Where and with whom have you felt most welcome?
My childhood was filled with instances of warm welcomes. When I’d walk in the door of my grandparents home I remember being drawn in by smiles of acceptance and an invitation to pull up to the table to enjoy a big bowl of ice cream. I had no reason whatsoever not to trust my belonging there. Their place was my place.
The fundamental essence of the Good News is knowing full well that we are unconditionally welcomed. On the flip side, not being welcome is our greatest fear. Henri Nouwen said, “It connects with your birth fear, your fear of not being welcomed in this life, and your fear of death, of not being welcome in the life after this. Everything Jesus is saying to you can be summarized in the words, ‘Know that you are welcome.’”
When we extend a welcome we are saying with Jesus, “Well come!” Welcoming extends the reality of radically belonging in Christ and reminds the recipient of the basic dignity that should come with being human. The experience of so many in this world, however, is the undignified and even violent withholding of welcome.
This week my friends, Birdie and Wazi were given a letter that implied a most abrasive opposite of welcome. The letter which was anonymously placed on their camp gear strongly extended the message of “Well Go!” Feel the full weight as you imagine the impact of the following words,
Dear Homeless People,
Due to your inability to keep vomit and shit inside of your bodies while you booze it up in the parking lot, you are hereby served with notice to remove your belongings from the not so cleverly disguised hiding place and to cease using this parking lot as a makeshift Bum Island. Go to Park Avenue. They have soup.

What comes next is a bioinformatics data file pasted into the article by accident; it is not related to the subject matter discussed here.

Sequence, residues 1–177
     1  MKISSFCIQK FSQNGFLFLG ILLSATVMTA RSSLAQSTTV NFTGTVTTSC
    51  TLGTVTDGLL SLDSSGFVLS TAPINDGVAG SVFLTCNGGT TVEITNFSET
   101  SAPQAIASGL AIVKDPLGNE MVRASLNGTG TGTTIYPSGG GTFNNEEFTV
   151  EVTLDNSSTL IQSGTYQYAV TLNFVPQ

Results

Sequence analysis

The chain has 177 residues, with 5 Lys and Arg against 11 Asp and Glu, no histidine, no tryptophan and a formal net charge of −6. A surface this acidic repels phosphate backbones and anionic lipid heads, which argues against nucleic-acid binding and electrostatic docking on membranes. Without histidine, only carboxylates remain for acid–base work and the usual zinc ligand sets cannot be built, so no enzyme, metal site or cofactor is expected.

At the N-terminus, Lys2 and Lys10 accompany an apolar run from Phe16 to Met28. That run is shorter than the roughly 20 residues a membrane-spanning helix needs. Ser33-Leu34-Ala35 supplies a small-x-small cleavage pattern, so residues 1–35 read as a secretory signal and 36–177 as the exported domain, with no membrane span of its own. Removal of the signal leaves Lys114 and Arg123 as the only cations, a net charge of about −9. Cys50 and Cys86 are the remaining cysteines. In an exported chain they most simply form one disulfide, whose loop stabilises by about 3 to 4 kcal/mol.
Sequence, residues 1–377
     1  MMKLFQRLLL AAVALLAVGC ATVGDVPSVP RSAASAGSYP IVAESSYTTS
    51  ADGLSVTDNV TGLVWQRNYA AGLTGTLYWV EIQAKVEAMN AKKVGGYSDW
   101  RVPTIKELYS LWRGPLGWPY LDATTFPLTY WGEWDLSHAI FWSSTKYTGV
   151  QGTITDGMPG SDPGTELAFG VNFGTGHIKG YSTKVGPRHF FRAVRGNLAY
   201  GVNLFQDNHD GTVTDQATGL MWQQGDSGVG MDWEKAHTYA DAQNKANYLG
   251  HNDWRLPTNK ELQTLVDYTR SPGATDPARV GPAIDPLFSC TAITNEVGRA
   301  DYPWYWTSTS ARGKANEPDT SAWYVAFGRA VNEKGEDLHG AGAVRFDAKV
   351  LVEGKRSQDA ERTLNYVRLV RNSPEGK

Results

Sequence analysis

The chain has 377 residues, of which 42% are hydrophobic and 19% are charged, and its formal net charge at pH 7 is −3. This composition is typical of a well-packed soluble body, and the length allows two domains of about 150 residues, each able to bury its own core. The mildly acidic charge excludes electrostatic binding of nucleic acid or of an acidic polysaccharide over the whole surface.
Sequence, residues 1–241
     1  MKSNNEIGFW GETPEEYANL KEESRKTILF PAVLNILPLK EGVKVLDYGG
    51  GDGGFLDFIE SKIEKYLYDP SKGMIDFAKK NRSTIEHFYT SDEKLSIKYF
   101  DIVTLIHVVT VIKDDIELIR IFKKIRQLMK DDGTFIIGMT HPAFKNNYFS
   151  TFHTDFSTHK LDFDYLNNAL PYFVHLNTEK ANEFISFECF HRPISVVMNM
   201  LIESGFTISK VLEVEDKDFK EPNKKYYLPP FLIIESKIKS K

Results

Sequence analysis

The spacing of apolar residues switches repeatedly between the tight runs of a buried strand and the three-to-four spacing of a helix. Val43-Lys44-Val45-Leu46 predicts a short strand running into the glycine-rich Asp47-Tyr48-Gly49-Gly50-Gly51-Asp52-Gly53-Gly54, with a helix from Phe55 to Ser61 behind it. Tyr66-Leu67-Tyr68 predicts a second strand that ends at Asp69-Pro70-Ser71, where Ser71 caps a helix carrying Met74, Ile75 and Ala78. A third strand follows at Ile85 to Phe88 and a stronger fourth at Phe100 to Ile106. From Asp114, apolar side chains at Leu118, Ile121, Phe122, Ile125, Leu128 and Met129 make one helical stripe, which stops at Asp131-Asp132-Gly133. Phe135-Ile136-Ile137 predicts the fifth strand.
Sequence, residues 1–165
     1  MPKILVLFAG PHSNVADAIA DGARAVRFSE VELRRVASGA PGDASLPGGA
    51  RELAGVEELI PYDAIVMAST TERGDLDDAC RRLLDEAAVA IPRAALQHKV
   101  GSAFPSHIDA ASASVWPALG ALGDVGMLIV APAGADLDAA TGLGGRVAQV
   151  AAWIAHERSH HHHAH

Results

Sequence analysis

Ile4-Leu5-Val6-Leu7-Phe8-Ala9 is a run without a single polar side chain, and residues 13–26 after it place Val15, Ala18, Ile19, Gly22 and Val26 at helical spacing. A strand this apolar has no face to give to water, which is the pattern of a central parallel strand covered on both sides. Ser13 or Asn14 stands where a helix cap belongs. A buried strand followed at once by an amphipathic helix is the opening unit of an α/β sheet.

If your possessions are encountered in the future they will be swiftly relocated to a city trash facility.
Further violations will lead directly to microchip implants in your brain.
The Sober and Employed
We can safely assume the author of this anti-Christ message is writing out of their own traumatized experiences of unwelcome. So, it's fine to feel whatever you feel as you read it, but we're challenged by Jesus to respond creatively so that we don't perpetuate the hellishness of being unwelcome.
Wazi and Birdie belong to the Lakota Nation both of whom were born and raised on the South Dakota reservations of Pine Ridge and Standing Rock. Of course, they were stirred up when they handed that letter to me but there was also a placid numbness that revealed this was familiar terrain. America has been violently asking them to leave throughout our history as a nation. This letter was just more of the same.
If you're like me and know what warm welcoming feels like, it's important for us to see Birdie and Wazi through the eyes of a violently rejected Jesus. "Christ came into the world -- the world he had created -- and the world would not recognize him. He came into his own creation, and his own people would not accept him." (John 1:10) Christ knew the same feelings that Birdie and Wazi lived with! Rejection and the danger of elimination were as near to the Christ child as Mary's breast. He knew it from the inside out!
The impact of that trauma, that shame, somehow did not paralyze Jesus. "Yet whenever anyone would put their trust in Him, he would empower them to become the children of God!" (John 1:12)
Knowing the story of Birdie and Wazi causes a sleepless tension in me, fierce anger actually. But knowing them helps me feel a little nearer to the rejected Christ who held that tension creatively. And in the presence of unimaginable injustice was able to actively and creatively keep announcing, "Well Come!"